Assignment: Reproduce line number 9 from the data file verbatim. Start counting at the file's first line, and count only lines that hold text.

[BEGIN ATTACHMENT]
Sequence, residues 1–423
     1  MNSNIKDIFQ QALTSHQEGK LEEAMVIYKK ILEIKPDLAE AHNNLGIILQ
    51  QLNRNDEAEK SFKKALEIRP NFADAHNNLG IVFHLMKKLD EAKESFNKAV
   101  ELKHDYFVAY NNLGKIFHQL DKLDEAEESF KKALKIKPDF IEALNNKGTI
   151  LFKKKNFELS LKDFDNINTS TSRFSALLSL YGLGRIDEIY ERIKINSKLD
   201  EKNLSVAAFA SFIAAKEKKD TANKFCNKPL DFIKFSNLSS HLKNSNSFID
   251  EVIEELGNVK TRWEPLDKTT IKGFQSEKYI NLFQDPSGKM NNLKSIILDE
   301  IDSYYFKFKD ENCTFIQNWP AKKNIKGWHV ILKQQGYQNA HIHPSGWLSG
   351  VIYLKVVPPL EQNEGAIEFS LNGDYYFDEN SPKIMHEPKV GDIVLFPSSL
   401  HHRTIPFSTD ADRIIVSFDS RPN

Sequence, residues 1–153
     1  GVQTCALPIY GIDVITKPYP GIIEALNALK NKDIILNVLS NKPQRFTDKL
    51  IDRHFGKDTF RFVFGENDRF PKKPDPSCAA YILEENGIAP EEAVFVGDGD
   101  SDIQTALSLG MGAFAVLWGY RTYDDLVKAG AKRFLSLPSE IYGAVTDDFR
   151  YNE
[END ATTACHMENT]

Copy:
   351  VIYLKVVPPL EQNEGAIEFS LNGDYYFDEN SPKIMHEPKV GDIVLFPSSL